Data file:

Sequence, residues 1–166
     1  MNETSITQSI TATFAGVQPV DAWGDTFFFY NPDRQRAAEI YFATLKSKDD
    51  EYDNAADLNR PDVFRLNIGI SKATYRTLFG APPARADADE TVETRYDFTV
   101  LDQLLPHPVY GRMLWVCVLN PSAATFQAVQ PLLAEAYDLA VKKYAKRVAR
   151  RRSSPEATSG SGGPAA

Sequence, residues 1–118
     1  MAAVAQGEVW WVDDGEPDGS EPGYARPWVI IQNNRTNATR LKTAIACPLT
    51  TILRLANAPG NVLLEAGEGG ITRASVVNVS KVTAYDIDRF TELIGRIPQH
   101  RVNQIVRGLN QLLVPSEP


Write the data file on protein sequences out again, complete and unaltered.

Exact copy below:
Sequence, residues 1–166
     1  MNETSITQSI TATFAGVQPV DAWGDTFFFY NPDRQRAAEI YFATLKSKDD
    51  EYDNAADLNR PDVFRLNIGI SKATYRTLFG APPARADADE TVETRYDFTV
   101  LDQLLPHPVY GRMLWVCVLN PSAATFQAVQ PLLAEAYDLA VKKYAKRVAR
   151  RRSSPEATSG SGGPAA

Sequence, residues 1–118
     1  MAAVAQGEVW WVDDGEPDGS EPGYARPWVI IQNNRTNATR LKTAIACPLT
    51  TILRLANAPG NVLLEAGEGG ITRASVVNVS KVTAYDIDRF TELIGRIPQH
   101  RVNQIVRGLN QLLVPSEP